How it feels to be free : black women entertainers and the civil rights movement / Ruth Feldstein.

Feldstein, Ruth, 1965-
Oxford ; New York : Oxford University Press, 2013.
1 online resource.
African American women political activists -- History -- 20th century.
African American women entertainers -- Political activity -- History -- 20th century.
Performing arts -- Political aspects -- United States -- 20th century.
African Americans -- Music -- Political aspects -- History -- 20th century.
African Americans -- Civil rights -- History -- 20th century.
United States -- Race relations -- History -- 20th century.
Electronic books.
How It Feels to Be Free tells a story about black women entertainers and their relationships to the civil rights/black power movement. The book focuses on six performers: singer and film star Lena Horne; South African singer Miriam Makeba; pianist‐vocalist Nina Simone; jazz singer and actress Abbey Lincoln; and stage, film, and television actresses Diahann Carroll and Cicely Tyson. All six were more than “just” entertainers, all six took risks when they used their celebrity status to support civil rights, and all six insisted, in all sorts of ways, that the liberation they desired could not separate race from sex. By bringing them center stage, the book demonstrates the multiple ways that culture mattered to black activism in the 1960s; there was far more to culture and civil rights than “We Shall Overcome.” How It Feels to Be Free also explores the transnational circulation of black politics and culture; women celebrities who were popular around the globe helped to “export” ideas about black activism in the United States, but their experiences abroad also shaped their participation in U.S. activism. Finally, this book argues that gender was critical to the simultaneous development of black activism and feminism. These women did not call themselves feminists; but with their performances in music, film, and television, and their work in front of and away from cameras, they offered critiques and made demands that became central tenets of feminism generally and of black feminism specifically.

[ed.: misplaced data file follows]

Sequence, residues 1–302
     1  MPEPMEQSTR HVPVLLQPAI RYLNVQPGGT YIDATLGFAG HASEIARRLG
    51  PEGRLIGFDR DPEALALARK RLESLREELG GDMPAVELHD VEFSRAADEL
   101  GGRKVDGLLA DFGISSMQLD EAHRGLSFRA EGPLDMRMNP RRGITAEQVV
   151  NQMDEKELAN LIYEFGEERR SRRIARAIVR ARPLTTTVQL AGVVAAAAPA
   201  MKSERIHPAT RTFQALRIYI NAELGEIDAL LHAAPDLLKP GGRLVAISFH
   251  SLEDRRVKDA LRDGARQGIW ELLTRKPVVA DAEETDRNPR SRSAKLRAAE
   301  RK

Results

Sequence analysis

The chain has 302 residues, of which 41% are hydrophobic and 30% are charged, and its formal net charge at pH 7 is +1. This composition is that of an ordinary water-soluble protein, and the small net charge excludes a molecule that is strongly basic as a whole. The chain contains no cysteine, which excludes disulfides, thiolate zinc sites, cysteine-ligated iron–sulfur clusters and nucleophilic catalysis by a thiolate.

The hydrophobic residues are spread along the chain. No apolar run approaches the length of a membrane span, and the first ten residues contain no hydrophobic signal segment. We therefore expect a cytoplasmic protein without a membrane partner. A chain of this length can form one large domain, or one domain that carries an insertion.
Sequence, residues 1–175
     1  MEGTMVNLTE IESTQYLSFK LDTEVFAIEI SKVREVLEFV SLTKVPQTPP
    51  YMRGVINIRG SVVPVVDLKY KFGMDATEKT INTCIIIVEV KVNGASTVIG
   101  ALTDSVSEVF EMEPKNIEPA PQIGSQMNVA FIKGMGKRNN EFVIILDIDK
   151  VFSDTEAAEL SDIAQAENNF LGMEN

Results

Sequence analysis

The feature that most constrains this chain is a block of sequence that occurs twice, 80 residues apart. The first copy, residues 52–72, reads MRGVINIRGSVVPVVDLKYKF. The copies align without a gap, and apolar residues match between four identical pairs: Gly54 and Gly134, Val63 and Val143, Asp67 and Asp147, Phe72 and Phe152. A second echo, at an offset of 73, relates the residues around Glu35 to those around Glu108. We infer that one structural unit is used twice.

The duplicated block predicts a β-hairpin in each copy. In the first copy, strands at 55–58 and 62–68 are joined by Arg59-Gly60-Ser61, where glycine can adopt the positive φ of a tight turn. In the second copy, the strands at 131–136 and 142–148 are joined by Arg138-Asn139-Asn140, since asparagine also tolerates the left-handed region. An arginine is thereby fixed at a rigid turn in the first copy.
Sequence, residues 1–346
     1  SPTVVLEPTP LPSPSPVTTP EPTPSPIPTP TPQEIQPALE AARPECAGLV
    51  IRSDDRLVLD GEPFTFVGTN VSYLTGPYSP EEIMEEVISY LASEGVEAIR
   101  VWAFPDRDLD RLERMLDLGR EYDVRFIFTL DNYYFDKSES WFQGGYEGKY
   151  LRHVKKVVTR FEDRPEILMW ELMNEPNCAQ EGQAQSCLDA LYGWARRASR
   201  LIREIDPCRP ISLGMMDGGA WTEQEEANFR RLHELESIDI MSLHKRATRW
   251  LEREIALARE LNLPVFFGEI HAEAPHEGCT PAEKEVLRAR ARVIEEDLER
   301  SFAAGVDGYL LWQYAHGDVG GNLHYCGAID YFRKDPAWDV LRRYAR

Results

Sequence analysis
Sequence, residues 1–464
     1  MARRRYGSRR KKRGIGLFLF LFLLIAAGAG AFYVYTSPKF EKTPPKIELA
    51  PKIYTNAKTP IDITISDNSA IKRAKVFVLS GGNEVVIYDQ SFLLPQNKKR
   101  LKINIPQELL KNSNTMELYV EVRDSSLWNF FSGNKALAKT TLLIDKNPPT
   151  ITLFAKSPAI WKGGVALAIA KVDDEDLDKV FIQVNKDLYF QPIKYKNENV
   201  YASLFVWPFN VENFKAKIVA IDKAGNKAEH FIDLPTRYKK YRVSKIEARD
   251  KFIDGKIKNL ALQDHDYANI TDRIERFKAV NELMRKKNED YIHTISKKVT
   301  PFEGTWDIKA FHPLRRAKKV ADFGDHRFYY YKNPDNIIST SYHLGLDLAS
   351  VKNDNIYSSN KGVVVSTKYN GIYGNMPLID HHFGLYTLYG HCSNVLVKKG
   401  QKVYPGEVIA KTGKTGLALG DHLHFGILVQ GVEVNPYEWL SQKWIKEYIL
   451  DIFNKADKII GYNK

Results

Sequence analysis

Introduction: performing civil rights
"The world was on fire": making New York City subcultures
"Africa's musical ambassador": Miriam Makeba and the "voice of Africa" in the United States
"More than just a jazz performer": Nina Simone's border crossings
"No one asks me what I want": black women, Hollywood, and "integration narratives" in the late 1960s
"So beautiful in those rags": Cicely Tyson and African American history in the 1970s
Includes bibliographical references and index.
Description based on print version record.
Oxford Scholarship Online.
Other format:
Print version: Feldstein, Ruth, 1965- How it feels to be free
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Restricted for use by site license.
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